Any intimations of ruinous sprawl that might have haunted your journey into this dystopic Transfuture vanish, at any rate, when you step from your car into the waiting arms of the hunky uniformed valets and skip through the massive front doors of the Resort's lobby. Looking around at the swooping, curved, floor-to-ceiling screens; the luscious, pillow-strewn chairs in jewel tones of gold, white, and blue from the time you first set foot on these richly tapestried marbled floors the color and texture of wet sand, you are happy.
Happy. Is this the price of contentment $210 mil? The Resort is no great shakes to look at from the outside, just one more bony tower, but the interiors, designed by Santa Monica firm Hirsch Bedner, are sigh-inducingly lovely (Hirsch Bedner likes to claim that its hotel interiors function as backdrops for guests who become "actors in a fantasy environment"). At just over a month old, after all, few Gucci- and Fendi-clad fannies have creased the lounge seats, few spike-heeled pumps have punched itty-bitty holes in the striated wood plank floors that lead to the dining room, and the staff still shiny, still solicitous is too new to be jaded; they're as excited about working under such gorgeous uplighting as you are to be basking in it. The restaurant is sited on the ocean, of course, with floor-to-ceiling windows, white leather banquettes, free-spirited abstract oils, and a walk-in wine storage room. An open kitchen (more curves) dominates the front staffed by efficient, ponytailed line cooks. White linen-covered tables set with square gold chargers and watery, asymmetric bowls are tucked by the windows and back behind semitransparent drapes. The waiters wear beautiful ties.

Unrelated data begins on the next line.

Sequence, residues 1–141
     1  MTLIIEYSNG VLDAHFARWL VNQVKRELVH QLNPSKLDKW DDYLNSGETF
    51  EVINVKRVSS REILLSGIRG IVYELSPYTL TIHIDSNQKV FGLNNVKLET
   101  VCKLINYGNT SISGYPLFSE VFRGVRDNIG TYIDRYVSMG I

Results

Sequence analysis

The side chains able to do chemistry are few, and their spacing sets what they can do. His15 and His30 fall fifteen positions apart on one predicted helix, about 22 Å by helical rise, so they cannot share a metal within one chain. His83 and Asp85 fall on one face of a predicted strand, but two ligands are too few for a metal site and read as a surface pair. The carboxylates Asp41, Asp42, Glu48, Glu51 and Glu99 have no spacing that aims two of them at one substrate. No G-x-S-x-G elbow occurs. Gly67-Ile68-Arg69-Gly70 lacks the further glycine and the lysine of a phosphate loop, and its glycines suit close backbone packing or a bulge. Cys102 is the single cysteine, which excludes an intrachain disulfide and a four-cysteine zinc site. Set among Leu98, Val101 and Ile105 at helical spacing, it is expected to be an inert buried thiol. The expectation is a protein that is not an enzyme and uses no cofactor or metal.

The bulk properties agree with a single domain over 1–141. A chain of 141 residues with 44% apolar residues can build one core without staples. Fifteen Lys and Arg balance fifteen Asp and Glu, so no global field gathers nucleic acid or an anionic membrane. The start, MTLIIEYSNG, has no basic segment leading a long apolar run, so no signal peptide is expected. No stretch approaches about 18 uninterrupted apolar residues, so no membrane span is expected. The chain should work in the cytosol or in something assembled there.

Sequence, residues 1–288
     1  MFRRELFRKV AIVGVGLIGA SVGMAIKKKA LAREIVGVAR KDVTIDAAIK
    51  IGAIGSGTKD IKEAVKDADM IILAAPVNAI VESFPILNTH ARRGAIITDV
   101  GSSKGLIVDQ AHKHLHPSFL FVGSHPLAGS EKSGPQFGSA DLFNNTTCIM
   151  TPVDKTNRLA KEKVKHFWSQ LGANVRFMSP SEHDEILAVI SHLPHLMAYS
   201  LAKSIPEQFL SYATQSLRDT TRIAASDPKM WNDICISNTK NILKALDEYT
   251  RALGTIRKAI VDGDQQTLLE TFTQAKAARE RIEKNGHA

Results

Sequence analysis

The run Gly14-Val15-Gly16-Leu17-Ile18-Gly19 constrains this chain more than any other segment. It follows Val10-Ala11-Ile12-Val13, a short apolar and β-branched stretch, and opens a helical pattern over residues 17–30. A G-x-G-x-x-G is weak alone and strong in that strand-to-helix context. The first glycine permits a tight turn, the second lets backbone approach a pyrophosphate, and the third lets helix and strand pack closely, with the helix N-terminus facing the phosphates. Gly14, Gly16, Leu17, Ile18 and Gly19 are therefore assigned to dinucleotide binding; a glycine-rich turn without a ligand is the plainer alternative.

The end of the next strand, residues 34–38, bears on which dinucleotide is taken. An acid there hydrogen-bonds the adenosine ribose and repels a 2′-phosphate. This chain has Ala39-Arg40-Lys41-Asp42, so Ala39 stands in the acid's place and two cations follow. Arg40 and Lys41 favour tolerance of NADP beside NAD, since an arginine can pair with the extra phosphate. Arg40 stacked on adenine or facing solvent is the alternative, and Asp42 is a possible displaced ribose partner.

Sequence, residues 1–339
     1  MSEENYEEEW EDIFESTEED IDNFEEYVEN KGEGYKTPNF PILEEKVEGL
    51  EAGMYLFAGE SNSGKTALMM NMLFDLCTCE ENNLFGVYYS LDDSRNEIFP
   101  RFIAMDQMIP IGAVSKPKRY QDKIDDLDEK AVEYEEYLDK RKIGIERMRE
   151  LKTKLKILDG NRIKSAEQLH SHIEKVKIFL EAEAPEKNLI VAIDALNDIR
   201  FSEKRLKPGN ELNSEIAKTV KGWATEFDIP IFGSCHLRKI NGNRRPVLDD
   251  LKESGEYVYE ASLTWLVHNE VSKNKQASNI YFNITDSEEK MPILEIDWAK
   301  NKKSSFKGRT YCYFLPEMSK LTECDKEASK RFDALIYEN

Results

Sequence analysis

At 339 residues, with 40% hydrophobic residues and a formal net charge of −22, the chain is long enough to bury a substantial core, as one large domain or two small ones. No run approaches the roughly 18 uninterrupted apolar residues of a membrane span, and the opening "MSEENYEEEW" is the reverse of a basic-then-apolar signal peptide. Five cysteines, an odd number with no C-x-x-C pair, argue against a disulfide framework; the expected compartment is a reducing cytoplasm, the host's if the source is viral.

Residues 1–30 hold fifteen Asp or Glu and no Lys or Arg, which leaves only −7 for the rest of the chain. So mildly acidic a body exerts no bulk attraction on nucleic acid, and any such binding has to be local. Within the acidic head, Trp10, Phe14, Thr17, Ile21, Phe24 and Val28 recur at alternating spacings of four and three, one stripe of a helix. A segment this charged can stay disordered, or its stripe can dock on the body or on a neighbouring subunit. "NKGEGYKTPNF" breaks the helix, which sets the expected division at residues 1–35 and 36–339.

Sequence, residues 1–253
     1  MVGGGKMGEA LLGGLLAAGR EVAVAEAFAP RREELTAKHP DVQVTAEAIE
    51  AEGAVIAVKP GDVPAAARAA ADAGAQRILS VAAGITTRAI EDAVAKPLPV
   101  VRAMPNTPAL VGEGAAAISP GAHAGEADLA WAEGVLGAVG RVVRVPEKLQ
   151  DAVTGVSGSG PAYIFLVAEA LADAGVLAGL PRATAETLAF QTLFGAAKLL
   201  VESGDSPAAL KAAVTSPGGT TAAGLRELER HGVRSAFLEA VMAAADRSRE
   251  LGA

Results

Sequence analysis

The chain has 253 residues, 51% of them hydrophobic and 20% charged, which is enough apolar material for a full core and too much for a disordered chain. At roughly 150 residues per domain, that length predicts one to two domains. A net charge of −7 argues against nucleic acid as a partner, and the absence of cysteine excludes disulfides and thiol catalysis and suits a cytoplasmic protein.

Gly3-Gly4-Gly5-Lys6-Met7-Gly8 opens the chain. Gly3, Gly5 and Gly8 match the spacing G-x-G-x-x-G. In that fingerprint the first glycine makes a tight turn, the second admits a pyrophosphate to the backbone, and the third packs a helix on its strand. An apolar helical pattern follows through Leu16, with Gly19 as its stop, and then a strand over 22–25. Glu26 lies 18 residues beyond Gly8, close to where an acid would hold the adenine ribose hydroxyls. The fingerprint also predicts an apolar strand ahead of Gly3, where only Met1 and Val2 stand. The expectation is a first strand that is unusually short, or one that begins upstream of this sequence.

Carlos Jorge is executive chef here. After you're settled in, Jorge and his minions send out a sprightly little amuse bouche, a dab of sweet-salty crab meat and jeweled cubes of pink grapefruit and chopped mint balanced on a pristine green leaf of baby chard. Just a single precious mouthful. Then around comes the guy with the bread tray warm rolls, plain, raisin, or multigrain to slather with soft, sweet butter.